Quakers fight for religious freedom in Puritan Massachusetts, 1656-1661

The Puritans fled from England to America in large numbers during the 17th century to escape the religious persecution of the Church of England. While the average age of marriage among the Puritans was much older than was typical during this time period — and not all Puritans got married — specific ideals were very much established for the institution. Puritans differed dramatically from the Church of England on the subject of marriage as a civil — vs. Puritans did not see marriage as a religious sacrament or institution, but rather as a legal contract unrelated to one’s religious beliefs. As a result, the Puritans believed that a marriage should be performed by a magistrate, or officer of the state, as opposed to a member of the clergy. Because Puritans did not see marriage as essentially tied to religion, they did not view the end of a marriage as a sin.

The Puritan Roommate

The Puritans were members of a religious reform movement known as Puritanism that arose within the Church of England in the late 16th century. They believed the Church of England was too similar to the Roman Catholic Church and should eliminate ceremonies and practices not rooted in the Bible. Puritans felt that they had a direct covenant with God to enact these reforms.

Under siege from Church and crown, certain groups of Puritans migrated to Northern English colonies in the New World in the s and s, laying the foundation for the religious, intellectual, and social order of New England.

Two leading literary and cultural scholars of New England Puritanism and its legacy, Harvard Professors Each congregation was autonomous and followed the rules of its own written covenant, and each DATE YOU ACCESSED ESSAY​.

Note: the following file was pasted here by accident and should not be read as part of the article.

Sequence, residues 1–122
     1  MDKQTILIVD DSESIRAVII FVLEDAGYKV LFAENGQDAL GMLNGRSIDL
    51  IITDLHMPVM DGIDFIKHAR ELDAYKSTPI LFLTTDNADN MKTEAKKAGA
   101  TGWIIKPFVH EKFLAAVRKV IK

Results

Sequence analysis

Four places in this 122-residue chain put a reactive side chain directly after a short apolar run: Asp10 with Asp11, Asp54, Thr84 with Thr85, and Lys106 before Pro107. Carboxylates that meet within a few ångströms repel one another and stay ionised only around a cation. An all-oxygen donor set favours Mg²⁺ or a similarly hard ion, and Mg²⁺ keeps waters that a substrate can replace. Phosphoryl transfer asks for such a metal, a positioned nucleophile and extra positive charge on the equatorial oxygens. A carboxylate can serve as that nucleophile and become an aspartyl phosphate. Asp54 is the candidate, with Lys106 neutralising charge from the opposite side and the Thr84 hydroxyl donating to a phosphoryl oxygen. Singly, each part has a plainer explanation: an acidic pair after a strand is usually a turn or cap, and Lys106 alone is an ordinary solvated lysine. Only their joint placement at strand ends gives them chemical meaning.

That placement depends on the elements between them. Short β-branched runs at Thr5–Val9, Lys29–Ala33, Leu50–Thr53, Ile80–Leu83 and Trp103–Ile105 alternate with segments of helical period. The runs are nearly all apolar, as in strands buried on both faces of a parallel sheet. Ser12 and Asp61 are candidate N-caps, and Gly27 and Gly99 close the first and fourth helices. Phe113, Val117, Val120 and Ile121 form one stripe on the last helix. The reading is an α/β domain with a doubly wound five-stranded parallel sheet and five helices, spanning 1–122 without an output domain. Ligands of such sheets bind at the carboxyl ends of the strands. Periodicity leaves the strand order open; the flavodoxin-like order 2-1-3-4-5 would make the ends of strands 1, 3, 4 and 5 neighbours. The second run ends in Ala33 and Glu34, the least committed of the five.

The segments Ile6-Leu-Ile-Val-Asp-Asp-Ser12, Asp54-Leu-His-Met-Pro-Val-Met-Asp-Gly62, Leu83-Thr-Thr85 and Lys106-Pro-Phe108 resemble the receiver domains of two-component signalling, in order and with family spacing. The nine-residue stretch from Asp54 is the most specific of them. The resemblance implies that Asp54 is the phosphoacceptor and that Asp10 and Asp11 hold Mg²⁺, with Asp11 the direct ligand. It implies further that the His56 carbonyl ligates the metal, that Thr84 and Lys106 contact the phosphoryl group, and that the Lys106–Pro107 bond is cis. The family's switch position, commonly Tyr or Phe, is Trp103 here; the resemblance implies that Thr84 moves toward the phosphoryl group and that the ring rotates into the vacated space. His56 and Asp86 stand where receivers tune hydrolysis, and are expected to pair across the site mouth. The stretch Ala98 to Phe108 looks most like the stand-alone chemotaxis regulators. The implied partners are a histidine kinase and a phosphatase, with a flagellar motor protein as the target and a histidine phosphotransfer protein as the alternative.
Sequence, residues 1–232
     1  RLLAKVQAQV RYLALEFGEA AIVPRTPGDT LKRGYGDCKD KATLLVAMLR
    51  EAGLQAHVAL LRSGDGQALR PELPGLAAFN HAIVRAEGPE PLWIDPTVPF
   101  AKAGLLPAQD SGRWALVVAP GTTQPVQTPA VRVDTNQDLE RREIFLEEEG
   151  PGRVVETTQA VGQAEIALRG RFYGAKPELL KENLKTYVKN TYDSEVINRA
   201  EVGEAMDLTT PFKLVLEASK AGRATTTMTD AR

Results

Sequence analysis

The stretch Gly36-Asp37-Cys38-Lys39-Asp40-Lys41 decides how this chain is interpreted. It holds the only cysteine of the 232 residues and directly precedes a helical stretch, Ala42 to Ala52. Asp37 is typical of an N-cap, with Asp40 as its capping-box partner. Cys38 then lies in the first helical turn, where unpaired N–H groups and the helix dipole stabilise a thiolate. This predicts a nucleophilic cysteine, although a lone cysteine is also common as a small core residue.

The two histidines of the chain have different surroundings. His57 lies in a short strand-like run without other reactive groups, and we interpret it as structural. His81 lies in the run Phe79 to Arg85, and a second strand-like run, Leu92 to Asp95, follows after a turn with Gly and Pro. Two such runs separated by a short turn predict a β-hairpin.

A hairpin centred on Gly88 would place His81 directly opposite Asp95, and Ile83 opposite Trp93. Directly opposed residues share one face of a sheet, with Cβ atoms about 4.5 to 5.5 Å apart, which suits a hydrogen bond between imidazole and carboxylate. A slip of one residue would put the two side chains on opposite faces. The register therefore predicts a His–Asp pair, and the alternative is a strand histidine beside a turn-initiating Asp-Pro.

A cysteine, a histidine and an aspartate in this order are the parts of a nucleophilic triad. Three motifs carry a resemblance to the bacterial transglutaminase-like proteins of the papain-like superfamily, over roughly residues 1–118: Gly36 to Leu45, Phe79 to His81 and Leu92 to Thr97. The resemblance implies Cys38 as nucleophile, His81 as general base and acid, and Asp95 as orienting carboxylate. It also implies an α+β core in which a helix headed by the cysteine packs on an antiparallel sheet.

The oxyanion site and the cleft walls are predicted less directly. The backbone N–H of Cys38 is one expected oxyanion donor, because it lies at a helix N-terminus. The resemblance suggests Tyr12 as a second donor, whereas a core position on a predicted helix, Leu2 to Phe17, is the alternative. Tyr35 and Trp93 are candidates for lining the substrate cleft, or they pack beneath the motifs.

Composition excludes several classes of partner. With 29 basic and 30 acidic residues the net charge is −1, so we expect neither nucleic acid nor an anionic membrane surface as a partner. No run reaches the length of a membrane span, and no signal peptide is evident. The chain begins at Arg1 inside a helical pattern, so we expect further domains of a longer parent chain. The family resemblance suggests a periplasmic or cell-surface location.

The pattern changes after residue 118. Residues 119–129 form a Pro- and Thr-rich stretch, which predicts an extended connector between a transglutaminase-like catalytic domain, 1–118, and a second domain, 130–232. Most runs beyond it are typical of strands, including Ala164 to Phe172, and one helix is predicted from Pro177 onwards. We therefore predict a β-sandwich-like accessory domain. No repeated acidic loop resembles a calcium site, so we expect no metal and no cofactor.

Puritan leaders did not have much tolerance for people of other religions, and as a result, the Puritan government often persecuted and banished religious outsiders who tried to enter and live in their Puritan towns. A fear was embedded in the Puritan society that if they started to admit outsiders, they would lose their political and religious control of the colony. Beginning in , members of the newly formed Religious Society of Friends Quakers started to arrive in the Massachusetts colony on ships from England, where Quakerism had recently emerged.

The Quakers who arrived in Boston’s harbor demanded that they be allowed to live in Massachusetts and practice their own religion freely. They were greeted by intense hostility and were often forced to board the next ship out. These two women entered Boston’s harbor on the Swallow, a ship from Barbados in July of The Puritans of Boston greeted Fisher and Austin as if they carried the plague and severely brutalized them. The two were strip searched, accused of witchcraft, jailed, deprived of food, and were forced to leave Boston on the Swallow when it next left Boston eight weeks later.